At E3 last year, Shigeru Miyamoto made a comment about not being keen on Xbox achievements because he wasn’t a fan of the "carrot on a stick" approach to game design. He followed up by saying that he felt playing the game should be a rewarding enough experience for the player by itself.
Recently, I had the honour of having a lengthy discussion with Daniel of Daniel Primed, on just that particular topic and how it relates to the games that Nintendo and many other companies develop.
It began with us drawing comparisons — just like everyone else — between Twilight Princess and Ōkami, and how the former was, ironically, the perfect example of the carrot-on-stick design that Miyamoto appeared not to be a fan of. It culminated with us realizing that, really, the two games are only similar on a superficial level. There’s a wolf in both, you adventure in the third-person perspective alongside a talkative partner in both games, there are puzzles, and…well, really, the similarities end there.
Something that’s obvious right away to someone that’s played both games is that Zelda is traditionally very "structured" in its presentation. While in Ōkami, you aren’t necessarily aware when you’re in "the overworld" and when you’re in "a dungeon," Zelda goes out of its way to present itself like a game. The classic Zelda chime, the style of the animation and camera movement, the manner in which you’re herded along the entire way and told specifically what to do next. There’s always some sort of a goal in sight, and the entire Zelda formula is based around taking you from point A to B to C, and eventually all the way to Z. Along the way, at every destination, you’re given your metaphorical "carrot" in the form of a new item, which every puzzle at your next destination will conveniently be based around, thus encouraging you to delve further into the game.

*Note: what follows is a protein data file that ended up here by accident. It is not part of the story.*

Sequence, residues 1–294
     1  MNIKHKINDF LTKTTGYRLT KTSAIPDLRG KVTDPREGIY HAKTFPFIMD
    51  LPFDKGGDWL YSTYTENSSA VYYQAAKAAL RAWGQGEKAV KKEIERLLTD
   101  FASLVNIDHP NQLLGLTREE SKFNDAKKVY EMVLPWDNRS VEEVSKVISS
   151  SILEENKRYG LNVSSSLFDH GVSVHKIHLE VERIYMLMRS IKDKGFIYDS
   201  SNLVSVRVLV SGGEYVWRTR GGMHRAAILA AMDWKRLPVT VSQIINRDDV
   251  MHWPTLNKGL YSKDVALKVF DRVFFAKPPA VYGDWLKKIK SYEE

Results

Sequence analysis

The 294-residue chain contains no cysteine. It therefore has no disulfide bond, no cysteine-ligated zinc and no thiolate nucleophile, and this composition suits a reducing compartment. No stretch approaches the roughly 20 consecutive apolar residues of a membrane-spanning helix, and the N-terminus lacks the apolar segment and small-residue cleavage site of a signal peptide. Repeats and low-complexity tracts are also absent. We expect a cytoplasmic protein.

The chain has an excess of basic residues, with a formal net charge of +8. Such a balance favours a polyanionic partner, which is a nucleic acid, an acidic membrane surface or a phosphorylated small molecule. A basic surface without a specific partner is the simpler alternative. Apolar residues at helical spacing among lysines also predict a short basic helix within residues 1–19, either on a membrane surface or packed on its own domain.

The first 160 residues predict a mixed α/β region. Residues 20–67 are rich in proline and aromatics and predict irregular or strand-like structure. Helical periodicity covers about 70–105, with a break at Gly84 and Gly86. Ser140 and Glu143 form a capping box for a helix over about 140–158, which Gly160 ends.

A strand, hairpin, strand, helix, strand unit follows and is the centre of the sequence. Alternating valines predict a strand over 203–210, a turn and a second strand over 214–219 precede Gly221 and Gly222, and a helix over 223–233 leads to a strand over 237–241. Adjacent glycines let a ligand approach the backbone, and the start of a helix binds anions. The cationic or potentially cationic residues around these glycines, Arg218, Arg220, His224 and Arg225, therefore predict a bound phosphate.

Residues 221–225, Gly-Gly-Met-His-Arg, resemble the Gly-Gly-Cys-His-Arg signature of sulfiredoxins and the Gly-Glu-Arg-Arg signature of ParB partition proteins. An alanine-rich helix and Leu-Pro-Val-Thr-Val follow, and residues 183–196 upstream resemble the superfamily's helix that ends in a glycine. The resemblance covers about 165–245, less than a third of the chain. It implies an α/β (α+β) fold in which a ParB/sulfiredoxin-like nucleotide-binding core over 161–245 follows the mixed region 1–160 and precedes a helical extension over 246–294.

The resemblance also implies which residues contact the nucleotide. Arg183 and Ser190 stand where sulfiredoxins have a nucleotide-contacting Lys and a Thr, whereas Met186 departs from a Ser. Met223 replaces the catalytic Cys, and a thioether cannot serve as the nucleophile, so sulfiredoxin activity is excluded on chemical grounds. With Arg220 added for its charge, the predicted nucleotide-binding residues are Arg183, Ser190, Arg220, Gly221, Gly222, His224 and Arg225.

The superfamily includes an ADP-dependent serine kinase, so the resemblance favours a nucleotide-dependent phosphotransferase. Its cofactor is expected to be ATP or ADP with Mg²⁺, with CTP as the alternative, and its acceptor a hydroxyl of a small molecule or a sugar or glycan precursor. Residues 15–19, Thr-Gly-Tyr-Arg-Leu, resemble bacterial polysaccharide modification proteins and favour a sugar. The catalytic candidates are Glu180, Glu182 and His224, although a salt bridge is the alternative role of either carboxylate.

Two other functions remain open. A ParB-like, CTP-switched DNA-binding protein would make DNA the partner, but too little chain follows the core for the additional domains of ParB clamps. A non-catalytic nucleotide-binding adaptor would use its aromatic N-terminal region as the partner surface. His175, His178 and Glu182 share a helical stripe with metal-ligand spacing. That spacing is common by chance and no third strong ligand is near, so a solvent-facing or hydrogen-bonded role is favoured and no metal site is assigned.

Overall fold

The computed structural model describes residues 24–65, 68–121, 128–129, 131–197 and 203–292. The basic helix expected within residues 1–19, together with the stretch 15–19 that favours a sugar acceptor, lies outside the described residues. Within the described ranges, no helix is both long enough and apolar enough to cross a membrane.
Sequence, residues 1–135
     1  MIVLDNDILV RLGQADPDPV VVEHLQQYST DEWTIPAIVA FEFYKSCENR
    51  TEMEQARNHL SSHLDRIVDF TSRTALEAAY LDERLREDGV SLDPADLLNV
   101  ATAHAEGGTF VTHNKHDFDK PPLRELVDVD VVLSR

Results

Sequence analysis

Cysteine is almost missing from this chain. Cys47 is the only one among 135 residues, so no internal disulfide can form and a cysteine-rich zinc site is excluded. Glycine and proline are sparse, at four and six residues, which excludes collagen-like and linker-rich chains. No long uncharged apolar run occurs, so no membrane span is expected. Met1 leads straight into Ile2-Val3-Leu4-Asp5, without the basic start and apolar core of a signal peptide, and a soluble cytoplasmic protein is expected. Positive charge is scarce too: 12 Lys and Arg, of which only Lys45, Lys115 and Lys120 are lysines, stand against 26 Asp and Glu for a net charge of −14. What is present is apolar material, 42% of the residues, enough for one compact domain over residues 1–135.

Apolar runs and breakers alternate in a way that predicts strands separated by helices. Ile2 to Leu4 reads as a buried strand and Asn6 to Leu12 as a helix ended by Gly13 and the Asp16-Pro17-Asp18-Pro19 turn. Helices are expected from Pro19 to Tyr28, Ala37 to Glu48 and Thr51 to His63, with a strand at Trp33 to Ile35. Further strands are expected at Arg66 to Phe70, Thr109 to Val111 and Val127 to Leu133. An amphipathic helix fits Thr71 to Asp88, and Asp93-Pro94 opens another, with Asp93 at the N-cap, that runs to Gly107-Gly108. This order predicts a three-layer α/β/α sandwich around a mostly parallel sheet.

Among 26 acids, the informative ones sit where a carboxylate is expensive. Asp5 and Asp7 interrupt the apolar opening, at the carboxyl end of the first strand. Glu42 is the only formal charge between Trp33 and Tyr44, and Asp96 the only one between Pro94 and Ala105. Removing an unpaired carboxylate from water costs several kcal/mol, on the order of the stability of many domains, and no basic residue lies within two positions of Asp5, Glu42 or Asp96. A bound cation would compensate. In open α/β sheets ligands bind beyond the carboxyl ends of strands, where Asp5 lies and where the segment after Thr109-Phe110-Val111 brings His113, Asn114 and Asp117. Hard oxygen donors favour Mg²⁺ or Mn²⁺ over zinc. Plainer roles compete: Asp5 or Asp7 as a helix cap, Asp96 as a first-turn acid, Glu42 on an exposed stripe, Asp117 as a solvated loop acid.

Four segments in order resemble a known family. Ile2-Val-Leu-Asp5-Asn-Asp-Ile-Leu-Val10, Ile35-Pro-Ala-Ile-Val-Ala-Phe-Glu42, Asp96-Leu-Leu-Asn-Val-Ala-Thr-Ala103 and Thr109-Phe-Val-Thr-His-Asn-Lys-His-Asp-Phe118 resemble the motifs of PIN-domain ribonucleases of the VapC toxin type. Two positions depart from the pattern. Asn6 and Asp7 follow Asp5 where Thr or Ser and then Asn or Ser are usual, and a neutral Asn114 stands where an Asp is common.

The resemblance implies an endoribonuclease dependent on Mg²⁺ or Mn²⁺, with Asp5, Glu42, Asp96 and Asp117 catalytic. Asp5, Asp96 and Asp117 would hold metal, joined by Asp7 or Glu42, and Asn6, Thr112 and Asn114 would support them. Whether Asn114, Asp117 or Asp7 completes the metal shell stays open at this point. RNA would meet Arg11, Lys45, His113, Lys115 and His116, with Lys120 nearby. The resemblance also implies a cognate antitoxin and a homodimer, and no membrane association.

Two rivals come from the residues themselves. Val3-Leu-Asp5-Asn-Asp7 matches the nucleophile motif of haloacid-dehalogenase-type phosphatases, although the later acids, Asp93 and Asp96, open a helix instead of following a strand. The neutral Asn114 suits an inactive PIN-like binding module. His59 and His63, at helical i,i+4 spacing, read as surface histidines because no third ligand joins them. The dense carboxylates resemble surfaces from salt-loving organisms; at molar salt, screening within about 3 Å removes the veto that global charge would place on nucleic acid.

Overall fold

There’s no sense of subtlety, and no effort at all to mask the fact that the Zelda design is very "gamey." On the one hand, this classic game-like structure allows the games to be immensely fun and replayable, but on the other, you, as the player, are often left feeling disconnected from the narrative. Not only is Link mute, he seems incapable of really expressing any human emotions like fear and love altogether. He’s going to to methodically save Hyrule, and you’re just along for the ride whether you like it or not.